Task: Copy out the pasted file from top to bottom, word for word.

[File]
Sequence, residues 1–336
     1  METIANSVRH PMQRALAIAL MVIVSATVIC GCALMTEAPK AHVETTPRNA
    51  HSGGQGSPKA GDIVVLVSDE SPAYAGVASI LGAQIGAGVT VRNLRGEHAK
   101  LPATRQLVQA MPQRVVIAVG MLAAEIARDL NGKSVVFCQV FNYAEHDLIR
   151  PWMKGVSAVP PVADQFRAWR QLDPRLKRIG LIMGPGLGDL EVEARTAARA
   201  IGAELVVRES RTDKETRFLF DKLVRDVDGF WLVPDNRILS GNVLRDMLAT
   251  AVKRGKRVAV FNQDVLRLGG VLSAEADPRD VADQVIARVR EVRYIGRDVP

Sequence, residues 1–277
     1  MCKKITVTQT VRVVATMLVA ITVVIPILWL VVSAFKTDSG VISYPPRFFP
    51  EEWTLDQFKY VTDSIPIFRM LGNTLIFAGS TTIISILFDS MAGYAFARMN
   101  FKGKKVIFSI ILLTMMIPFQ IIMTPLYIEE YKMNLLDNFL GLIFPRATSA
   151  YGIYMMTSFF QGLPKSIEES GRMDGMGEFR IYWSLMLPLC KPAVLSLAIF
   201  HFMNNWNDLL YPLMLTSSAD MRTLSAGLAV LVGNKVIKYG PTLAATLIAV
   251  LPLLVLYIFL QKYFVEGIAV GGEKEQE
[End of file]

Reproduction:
Sequence, residues 1–336
     1  METIANSVRH PMQRALAIAL MVIVSATVIC GCALMTEAPK AHVETTPRNA
    51  HSGGQGSPKA GDIVVLVSDE SPAYAGVASI LGAQIGAGVT VRNLRGEHAK
   101  LPATRQLVQA MPQRVVIAVG MLAAEIARDL NGKSVVFCQV FNYAEHDLIR
   151  PWMKGVSAVP PVADQFRAWR QLDPRLKRIG LIMGPGLGDL EVEARTAARA
   201  IGAELVVRES RTDKETRFLF DKLVRDVDGF WLVPDNRILS GNVLRDMLAT
   251  AVKRGKRVAV FNQDVLRLGG VLSAEADPRD VADQVIARVR EVRYIGRDVP

Sequence, residues 1–277
     1  MCKKITVTQT VRVVATMLVA ITVVIPILWL VVSAFKTDSG VISYPPRFFP
    51  EEWTLDQFKY VTDSIPIFRM LGNTLIFAGS TTIISILFDS MAGYAFARMN
   101  FKGKKVIFSI ILLTMMIPFQ IIMTPLYIEE YKMNLLDNFL GLIFPRATSA
   151  YGIYMMTSFF QGLPKSIEES GRMDGMGEFR IYWSLMLPLC KPAVLSLAIF
   201  HFMNNWNDLL YPLMLTSSAD MRTLSAGLAV LVGNKVIKYG PTLAATLIAV
   251  LPLLVLYIFL QKYFVEGIAV GGEKEQE